The Museum of Fine Arts, Houston, is presenting American Adversaries: West and Copley in a Transatlantic Worldy , an extensive exhibition charting the rise and spectacular success of contemporary history painting in the 18th century through the lives and experiences of two colonial American innovators: Benjamin West (1738–1820) and John Singleton Copley (1738–1815). West and Copley—initially friends and eventually bitter rivals—gained phenomenal fame from their theatrical paintings that romanticized current events and captured the imaginations of the art-viewing public. American Adversaries is on view from October 6, 2013, to January 20, 2014.
American Adversaries: West and Copley in a Transatlantic World traces the ambitious, competitive and highly successful lives of West and Copley through oil paintings, works on paper, sculptures and artifacts. At the core of the exhibition are two paintings that catapulted West and Copley into international fame: West’s The Death of General Wolfe (1770; 1779 version) and Copley’s Watson and the Shark (1778). The paintings have not been presented together in more than 60 years and never before in this context.
John Singleton Copley, Watson and the Shark 1778, oil on canvas, National Gallery of Art, Washington, Ferdinand Lammot Belin Fund. Image courtesy National Gallery of Art
Benjamin West, The Death of General Wolfe 1779, oil on canvas, Ickworth, National Trust, Suffolk. Hamilton Kerr Institute, Fitzwilliam Museum, University of Cambridge
Both born in the same year (1738) in the American Colonies of Pennsylvania and Massachusetts, Benjamin West and John Singleton Copley crossed the Atlantic in pursuit of international fame and fortune. London, the cultural and political capital of the empire, attracted and swayed both artists to stay to develop their careers as history painters and neither returned home to America.
West and Copley established a new genre of painting known as contemporary history painting with The Death of General Wolfe and Watson and the Shark. These dramatic large-scale canvases featured compositional elements derived from antique and Old Master sources, yet instead of portraying biblical, mythological or literary heroes, they depicted real people from contemporary life. This exhibition examines these paintings and the period in which they were painted to animate a past that is unfamiliar to many today. It restores the dynamism and modernity of this particular artistic moment as it happened, rather than through the lens of what we later have come to know. These works point to a world informed by the powerful agency of the Iroquois (Haudenosaunee) Confederacy in the Great Lakes region; the scientific and imperial exploration of the seas; the rising role of the media and its relationship to history painting; and the stagecraft involved in managing the perception of a successful artistic career in 18th-century London. In the exhibition, the two key paintings are joined by works of art from all over the Atlantic World, which give them greater context and meaning.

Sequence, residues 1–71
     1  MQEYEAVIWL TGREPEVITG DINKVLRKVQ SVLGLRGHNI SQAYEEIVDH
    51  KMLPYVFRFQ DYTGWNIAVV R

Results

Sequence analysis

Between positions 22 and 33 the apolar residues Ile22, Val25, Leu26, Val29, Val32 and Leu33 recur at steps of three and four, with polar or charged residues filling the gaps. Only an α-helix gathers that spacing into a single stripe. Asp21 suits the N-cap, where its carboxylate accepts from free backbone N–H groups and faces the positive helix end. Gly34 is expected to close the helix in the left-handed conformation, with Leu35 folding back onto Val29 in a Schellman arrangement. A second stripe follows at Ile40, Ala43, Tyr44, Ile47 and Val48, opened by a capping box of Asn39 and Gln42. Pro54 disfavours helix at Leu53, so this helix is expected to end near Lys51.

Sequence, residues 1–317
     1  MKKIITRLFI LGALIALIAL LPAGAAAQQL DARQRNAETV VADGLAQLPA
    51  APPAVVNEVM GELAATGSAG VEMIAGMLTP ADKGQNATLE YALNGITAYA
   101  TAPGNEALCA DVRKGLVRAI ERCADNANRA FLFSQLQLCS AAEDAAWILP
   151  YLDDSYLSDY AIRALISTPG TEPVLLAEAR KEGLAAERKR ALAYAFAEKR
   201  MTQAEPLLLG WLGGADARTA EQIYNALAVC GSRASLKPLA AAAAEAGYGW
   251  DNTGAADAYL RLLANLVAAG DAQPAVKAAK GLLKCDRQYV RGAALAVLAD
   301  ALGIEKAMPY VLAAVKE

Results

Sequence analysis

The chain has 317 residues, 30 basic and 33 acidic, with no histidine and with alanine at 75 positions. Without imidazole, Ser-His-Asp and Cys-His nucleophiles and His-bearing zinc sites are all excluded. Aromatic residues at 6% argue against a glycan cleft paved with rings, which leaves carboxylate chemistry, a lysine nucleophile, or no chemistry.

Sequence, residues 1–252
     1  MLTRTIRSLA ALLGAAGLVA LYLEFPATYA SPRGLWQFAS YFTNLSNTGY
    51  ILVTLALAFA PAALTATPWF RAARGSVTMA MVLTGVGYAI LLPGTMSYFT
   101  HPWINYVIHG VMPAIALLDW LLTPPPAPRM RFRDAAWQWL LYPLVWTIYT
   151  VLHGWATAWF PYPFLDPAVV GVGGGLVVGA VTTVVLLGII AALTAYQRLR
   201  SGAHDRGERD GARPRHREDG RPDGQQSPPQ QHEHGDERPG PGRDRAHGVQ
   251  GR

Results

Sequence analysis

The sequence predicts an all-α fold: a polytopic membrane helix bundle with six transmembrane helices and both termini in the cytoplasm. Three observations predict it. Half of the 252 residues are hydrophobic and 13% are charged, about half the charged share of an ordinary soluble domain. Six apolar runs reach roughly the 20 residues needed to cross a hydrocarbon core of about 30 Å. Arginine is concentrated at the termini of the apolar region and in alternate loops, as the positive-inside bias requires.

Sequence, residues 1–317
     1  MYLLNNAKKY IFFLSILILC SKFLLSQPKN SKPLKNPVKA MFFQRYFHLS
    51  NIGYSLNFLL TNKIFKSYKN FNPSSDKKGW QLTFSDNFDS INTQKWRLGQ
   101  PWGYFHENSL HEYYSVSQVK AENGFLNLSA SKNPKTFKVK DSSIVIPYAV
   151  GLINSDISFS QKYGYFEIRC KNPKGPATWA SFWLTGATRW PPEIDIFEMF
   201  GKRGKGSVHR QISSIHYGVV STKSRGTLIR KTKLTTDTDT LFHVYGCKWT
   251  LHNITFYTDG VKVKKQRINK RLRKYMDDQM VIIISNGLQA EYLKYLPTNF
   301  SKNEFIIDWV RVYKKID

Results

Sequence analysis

A fully illustrated catalogue, published by the Museum of Fine Arts, Houston, distributed by Yale University Press and designed by Studio Blue, accompanies the exhibition and features essays by international scholars.
From an informative review: (image added)
One painting by West deserves its own paragraph. Death on the Pale Horse (1796)
Benjamin West, Death on the Pale Horse 1796, oil on canvas, Detroit Institute of Arts, USA / Founders Society Purchase, R.H. Tannahill Foundation fund. Detroit Institute of Arts, USA / The Bridgeman Art Library
just demands that you stare at its ghastly shapes for several minutes, there’s even a couch nearby. A little larger than a sideways movie one-sheet the images conjure rapture and death. At the bottom of the right side are a dead bird and snake. At the center is a naked man with his right arm extended to the heavens. All around him is a cavalcade of death, warriors on horseback chased by demons, innocents about to be torn apart by wild beasts. The eyes of all the animals and humans (and demons) seem to be glistening with either fright or delight. Maybe West was aware of his contemporary Goya since some of the imagery would be appropriate in that Spaniard’s work, although there’s also the possibility that it was West who influenced Goya.
An extremely informative review with many, many images, each with a story
John Singleton Copley, Head of a Negro, 1777-78, oil on canvas, Detroit Institute of Arts, Founders Society Purchase, Gibbs-Williams Fund
Gilbert Stuart, Joseph Brant (Thayendanegea), 1785, oil on canvas, the British Museum, London. The Trustees of the British Museum
John Singleton Copley, Mr. and Mrs. Ralph Izard (Alice Delancey), 1775, oil on canvas, The Museum of Fine Arts, Boston, Edward Ingersoll Brown Fund